A proposal suggesting a blanket ban on gaming machines, which was subsequently rejected by Bendigo councillors, has prompted fresh calls for a more balanced and less heavy-handed policy.
The Gaming Policy Framework, published in 2007, affords council increased control over new gaming machines.
The policy has not been updated since being published and won't come before councillors again this term, after being floated in late 2019.
Whipstick Ward councillor James Williams said it is important to find the balance between constructive use of gaming machines and the issues gambling creates.
"I think banning pokies doesn't solve the problem, it just pushes it underground," Cr Williams said.
"Developing a policy that tries to minimise the damage done, while allowing people to use gaming as a legitimate pastime is important."
Council's director of Health and Wellbeing Vicky Mason confirmed a new gaming policy is being developed.
"The council has seen an initial draft of the new policy," Ms Mason said.
"Work is ongoing and a draft policy will be presented to the next council."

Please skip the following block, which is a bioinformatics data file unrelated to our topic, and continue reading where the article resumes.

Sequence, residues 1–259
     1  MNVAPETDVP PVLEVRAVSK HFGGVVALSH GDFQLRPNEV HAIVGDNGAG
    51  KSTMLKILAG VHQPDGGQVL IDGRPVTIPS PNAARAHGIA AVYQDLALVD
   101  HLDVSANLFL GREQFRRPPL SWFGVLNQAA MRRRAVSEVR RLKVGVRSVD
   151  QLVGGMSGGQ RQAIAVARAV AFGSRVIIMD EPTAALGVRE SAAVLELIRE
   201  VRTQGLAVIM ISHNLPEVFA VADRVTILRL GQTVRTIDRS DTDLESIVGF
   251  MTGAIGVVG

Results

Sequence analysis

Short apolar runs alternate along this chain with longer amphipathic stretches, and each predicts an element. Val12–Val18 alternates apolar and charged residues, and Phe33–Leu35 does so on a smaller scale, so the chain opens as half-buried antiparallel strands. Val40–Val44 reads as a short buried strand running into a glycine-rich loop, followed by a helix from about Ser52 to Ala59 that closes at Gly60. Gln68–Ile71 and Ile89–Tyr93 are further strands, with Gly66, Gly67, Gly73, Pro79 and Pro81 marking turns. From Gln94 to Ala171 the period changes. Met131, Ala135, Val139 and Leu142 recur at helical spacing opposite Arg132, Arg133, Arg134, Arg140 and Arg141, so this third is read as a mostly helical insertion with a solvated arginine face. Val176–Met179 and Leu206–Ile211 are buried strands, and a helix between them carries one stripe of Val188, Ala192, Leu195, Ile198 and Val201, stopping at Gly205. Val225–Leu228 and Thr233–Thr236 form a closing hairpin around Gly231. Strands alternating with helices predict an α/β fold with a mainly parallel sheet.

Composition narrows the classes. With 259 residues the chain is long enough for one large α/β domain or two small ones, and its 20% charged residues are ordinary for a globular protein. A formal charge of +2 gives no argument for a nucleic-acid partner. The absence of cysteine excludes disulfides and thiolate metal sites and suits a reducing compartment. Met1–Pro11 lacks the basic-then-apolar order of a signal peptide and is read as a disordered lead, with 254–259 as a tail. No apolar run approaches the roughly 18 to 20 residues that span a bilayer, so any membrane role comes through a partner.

A policy update was initially flagged by councillor Andrea Metcalf in late 2017.
"If council seriously wants to oppose additional gaming machines in the city, a review of the decade-old gaming policy is vital," Cr Metcalf said.
The current policy focuses on discouraging poker machines in centralised venues.
It also orders machines be kept out of areas with above-average disadvantage and only installed in places with available non-gambling entertainment options.
In the past three years, there have been two applications before council to increase gaming machine numbers.
Capacity for an additional 16 machines at the Bendigo Club in Strathdale was rejected at council, but overturned on appeal in 2017.
There are 661 gaming machines in Bendigo, spread across 11 venues.
Last financial year, more than $37 million was lost on gaming machines in Bendigo, according to data from the Victorian Commission for Gambling and Liquor Regulation.